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Langley hospice’s wind phone for connecting with those we’ve lost

Phone gives people space to talk to lost loved ones
Langley firefighters helped move and set up the 700 pound phone box at the Langley Hospice Society. (Langley Hospice Society/Special to the Langley Advance Times)

Langley Hospice Society has a new feature meant to help those who are grieving the loss of a loved one – a wind phone.

As hospice executive director Shannon Todd Booth explained when the phone was officially opened on Thursday, Jan. 26, the idea of the wind phone came from a Japanese garden designer, Itaru Sasaki, whose cousin died after a brief battle with cancer in 2010.

After that, Sasaki set up an old, disconnected phone booth in his garden so he would have somewhere to go to talk to his cousin, and reflect on his loss. The name wind phone came from the fact that his thoughts would be carried on the wind.

After the 2011 earthquake and tsunami that killed thousands of people in Japan, Sasaki opened up his phone to allow others to use it, and the concept began to spread internationally.

Langley’s wind phone is on the grounds of the Doug and Fran MacDonald Hospice Residence, which just opened last year, down the hill from the Langley Memorial Hospital.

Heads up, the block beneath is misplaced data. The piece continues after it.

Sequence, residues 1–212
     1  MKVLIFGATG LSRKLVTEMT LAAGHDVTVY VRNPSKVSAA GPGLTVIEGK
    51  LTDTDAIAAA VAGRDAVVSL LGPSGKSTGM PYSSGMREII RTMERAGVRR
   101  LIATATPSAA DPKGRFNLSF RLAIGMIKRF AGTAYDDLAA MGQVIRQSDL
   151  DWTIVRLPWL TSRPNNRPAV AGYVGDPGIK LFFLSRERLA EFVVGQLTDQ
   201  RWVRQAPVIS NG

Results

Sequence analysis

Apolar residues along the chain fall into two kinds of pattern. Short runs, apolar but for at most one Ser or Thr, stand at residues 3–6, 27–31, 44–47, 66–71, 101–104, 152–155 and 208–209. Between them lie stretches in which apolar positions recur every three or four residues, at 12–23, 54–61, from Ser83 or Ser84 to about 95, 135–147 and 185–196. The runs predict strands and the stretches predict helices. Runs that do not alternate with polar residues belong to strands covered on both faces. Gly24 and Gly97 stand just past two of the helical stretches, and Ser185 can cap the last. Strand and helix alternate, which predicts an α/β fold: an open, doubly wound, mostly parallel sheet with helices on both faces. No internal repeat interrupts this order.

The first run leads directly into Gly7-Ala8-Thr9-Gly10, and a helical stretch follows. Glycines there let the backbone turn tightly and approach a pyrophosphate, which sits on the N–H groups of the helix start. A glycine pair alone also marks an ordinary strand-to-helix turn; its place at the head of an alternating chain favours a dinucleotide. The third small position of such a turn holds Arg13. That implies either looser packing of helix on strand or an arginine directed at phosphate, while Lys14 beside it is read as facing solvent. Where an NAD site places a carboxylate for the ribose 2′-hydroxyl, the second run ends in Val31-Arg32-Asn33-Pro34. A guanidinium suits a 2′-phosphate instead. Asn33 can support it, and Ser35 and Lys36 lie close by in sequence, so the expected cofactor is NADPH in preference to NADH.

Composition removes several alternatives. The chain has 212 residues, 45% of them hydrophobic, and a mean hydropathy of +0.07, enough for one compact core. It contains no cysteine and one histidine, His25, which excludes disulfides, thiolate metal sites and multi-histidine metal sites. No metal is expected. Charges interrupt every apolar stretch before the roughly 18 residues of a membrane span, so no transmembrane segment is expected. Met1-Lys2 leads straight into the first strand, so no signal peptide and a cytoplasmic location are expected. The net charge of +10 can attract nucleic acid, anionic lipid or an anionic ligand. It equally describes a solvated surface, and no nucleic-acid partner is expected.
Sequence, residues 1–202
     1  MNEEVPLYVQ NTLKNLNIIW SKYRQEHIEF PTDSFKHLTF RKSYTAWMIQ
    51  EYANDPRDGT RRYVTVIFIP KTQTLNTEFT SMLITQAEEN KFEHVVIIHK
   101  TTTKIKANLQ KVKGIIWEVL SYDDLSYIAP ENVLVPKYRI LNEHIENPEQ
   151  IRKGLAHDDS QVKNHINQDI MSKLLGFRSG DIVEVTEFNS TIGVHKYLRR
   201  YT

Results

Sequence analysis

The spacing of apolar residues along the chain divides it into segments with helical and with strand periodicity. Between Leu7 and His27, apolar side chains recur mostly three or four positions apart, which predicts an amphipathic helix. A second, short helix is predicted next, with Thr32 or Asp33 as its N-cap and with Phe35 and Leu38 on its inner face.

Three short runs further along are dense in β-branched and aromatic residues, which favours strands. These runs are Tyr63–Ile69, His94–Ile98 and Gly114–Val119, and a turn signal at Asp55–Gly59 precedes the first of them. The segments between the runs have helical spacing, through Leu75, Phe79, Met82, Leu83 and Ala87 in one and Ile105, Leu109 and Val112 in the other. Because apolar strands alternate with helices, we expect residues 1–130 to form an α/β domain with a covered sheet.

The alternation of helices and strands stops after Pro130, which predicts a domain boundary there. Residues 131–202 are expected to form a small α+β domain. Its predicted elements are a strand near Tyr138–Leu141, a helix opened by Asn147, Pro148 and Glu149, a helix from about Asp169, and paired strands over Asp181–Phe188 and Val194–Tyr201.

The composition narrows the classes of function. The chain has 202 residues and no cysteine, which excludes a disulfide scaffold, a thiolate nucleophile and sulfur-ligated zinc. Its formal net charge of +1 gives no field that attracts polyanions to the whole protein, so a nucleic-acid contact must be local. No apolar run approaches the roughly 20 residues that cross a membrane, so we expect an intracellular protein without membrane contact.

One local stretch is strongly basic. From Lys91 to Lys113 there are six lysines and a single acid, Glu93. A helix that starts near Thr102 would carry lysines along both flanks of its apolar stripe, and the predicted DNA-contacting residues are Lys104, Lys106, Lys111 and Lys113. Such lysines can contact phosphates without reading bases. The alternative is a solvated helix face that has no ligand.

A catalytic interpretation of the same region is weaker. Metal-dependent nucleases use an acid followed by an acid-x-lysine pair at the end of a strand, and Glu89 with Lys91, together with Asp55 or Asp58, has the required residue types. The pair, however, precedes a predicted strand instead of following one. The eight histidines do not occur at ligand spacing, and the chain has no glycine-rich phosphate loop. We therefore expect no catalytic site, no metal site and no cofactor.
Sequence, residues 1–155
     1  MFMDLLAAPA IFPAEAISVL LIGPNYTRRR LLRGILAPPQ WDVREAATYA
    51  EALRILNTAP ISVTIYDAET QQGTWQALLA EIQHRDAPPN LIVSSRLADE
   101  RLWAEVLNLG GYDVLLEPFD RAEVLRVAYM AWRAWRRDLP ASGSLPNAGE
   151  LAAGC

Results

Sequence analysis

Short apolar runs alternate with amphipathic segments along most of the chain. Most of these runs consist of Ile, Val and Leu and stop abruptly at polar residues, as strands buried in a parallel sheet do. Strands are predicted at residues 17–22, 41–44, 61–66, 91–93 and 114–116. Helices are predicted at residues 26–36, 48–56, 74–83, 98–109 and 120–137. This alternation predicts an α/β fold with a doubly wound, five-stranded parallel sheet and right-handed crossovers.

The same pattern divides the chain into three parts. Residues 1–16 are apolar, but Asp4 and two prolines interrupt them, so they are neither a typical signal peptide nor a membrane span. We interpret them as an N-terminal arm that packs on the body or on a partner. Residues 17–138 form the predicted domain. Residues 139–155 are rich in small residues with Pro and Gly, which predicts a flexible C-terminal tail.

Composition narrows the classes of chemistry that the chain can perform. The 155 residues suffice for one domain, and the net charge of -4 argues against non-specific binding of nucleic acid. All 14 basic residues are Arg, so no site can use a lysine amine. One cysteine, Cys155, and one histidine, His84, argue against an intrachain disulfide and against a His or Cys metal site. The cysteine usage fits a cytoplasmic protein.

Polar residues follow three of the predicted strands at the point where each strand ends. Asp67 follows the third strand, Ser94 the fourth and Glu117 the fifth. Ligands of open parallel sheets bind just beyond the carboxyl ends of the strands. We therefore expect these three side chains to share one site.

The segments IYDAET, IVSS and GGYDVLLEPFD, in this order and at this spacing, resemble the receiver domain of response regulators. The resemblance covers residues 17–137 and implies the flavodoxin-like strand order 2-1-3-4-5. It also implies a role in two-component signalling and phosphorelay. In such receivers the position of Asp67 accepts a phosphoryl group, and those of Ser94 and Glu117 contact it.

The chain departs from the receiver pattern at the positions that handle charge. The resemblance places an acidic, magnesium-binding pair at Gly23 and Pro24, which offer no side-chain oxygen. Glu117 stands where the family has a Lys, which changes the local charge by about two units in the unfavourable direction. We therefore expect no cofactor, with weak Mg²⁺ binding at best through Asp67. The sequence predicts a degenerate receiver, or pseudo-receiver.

It’s an old-fashioned red British phone box, and the design and installation was the brainchild of Heather Giuriato.

She found a company that was casting the booths, paid for it, and had it shipped to Langley.

Todd Booth noted that when it arrived, all 700 pounds of it, hospice staff quickly realized that getting it into place would be a challenge.

They reached out to the Langley Township Firefighters Charitable Society, which rounded up some willing volunteers. It took 10 firefighters to carry the phone box and get it into position.

After the ribbon cutting, by Giuriato and Langley Hospice Society president Kathy Derksen, Giuriato was the first person to pick up the phone.

“We hope this is an invitation for folks to come and have the conversations they need to have,” said Todd Booth.

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Heather Giuriato helped Langley Hospice Society acquire its new wind phone. (Matthew Claxton/Langley Advance Times)

Matthew Claxton

About the Author: Matthew Claxton

Raised in Langley, as a journalist today I focus on local politics, crime and homelessness.
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